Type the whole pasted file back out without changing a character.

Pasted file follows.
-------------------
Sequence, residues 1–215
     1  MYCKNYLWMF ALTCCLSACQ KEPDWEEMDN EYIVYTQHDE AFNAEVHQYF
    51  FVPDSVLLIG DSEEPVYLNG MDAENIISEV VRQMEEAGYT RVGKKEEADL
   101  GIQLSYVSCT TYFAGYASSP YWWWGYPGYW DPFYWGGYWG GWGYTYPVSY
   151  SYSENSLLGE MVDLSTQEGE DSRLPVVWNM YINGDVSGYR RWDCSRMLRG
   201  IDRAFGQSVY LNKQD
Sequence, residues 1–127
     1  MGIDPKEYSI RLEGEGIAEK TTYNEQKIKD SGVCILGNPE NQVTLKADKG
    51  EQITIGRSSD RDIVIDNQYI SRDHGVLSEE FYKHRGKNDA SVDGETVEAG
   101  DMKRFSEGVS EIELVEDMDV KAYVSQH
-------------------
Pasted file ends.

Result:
Sequence, residues 1–215
     1  MYCKNYLWMF ALTCCLSACQ KEPDWEEMDN EYIVYTQHDE AFNAEVHQYF
    51  FVPDSVLLIG DSEEPVYLNG MDAENIISEV VRQMEEAGYT RVGKKEEADL
   101  GIQLSYVSCT TYFAGYASSP YWWWGYPGYW DPFYWGGYWG GWGYTYPVSY
   151  SYSENSLLGE MVDLSTQEGE DSRLPVVWNM YINGDVSGYR RWDCSRMLRG
   201  IDRAFGQSVY LNKQD
Sequence, residues 1–127
     1  MGIDPKEYSI RLEGEGIAEK TTYNEQKIKD SGVCILGNPE NQVTLKADKG
    51  EQITIGRSSD RDIVIDNQYI SRDHGVLSEE FYKHRGKNDA SVDGETVEAG
   101  DMKRFSEGVS EIELVEDMDV KAYVSQH